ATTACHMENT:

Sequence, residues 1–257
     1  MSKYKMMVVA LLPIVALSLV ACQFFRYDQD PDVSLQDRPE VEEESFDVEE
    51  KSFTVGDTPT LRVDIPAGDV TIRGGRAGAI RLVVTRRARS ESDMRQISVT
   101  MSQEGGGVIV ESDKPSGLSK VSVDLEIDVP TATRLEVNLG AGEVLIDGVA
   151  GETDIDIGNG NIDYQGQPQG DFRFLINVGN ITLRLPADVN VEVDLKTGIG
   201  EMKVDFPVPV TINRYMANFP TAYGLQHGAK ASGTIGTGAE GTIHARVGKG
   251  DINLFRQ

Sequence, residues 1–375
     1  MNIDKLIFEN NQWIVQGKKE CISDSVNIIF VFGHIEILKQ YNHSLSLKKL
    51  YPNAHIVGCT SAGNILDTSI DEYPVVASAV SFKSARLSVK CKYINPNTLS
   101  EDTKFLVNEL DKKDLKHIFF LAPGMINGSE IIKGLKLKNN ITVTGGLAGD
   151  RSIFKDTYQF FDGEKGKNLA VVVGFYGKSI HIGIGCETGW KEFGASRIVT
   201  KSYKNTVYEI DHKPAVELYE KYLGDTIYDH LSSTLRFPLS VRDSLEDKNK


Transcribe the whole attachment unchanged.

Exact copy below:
Sequence, residues 1–257
     1  MSKYKMMVVA LLPIVALSLV ACQFFRYDQD PDVSLQDRPE VEEESFDVEE
    51  KSFTVGDTPT LRVDIPAGDV TIRGGRAGAI RLVVTRRARS ESDMRQISVT
   101  MSQEGGGVIV ESDKPSGLSK VSVDLEIDVP TATRLEVNLG AGEVLIDGVA
   151  GETDIDIGNG NIDYQGQPQG DFRFLINVGN ITLRLPADVN VEVDLKTGIG
   201  EMKVDFPVPV TINRYMANFP TAYGLQHGAK ASGTIGTGAE GTIHARVGKG
   251  DINLFRQ

Sequence, residues 1–375
     1  MNIDKLIFEN NQWIVQGKKE CISDSVNIIF VFGHIEILKQ YNHSLSLKKL
    51  YPNAHIVGCT SAGNILDTSI DEYPVVASAV SFKSARLSVK CKYINPNTLS
   101  EDTKFLVNEL DKKDLKHIFF LAPGMINGSE IIKGLKLKNN ITVTGGLAGD
   151  RSIFKDTYQF FDGEKGKNLA VVVGFYGKSI HIGIGCETGW KEFGASRIVT
   201  KSYKNTVYEI DHKPAVELYE KYLGDTIYDH LSSTLRFPLS VRDSLEDKNK